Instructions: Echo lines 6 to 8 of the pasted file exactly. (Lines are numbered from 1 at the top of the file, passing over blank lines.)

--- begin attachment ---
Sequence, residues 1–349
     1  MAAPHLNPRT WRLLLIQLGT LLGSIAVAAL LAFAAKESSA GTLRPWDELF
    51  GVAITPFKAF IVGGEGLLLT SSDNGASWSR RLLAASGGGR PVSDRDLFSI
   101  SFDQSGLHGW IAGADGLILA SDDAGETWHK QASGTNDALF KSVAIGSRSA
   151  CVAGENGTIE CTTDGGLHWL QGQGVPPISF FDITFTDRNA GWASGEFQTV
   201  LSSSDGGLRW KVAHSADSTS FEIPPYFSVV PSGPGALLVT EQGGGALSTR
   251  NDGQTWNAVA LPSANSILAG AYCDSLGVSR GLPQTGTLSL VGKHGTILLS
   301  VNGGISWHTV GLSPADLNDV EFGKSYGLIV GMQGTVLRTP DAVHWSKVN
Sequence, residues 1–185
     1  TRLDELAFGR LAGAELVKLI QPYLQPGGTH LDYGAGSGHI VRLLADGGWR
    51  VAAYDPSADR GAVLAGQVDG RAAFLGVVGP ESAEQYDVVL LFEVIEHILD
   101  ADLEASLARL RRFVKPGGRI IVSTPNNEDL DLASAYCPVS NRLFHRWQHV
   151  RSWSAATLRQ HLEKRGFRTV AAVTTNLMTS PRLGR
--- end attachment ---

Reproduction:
   201  LSSSDGGLRW KVAHSADSTS FEIPPYFSVV PSGPGALLVT EQGGGALSTR
   251  NDGQTWNAVA LPSANSILAG AYCDSLGVSR GLPQTGTLSL VGKHGTILLS
   301  VNGGISWHTV GLSPADLNDV EFGKSYGLIV GMQGTVLRTP DAVHWSKVN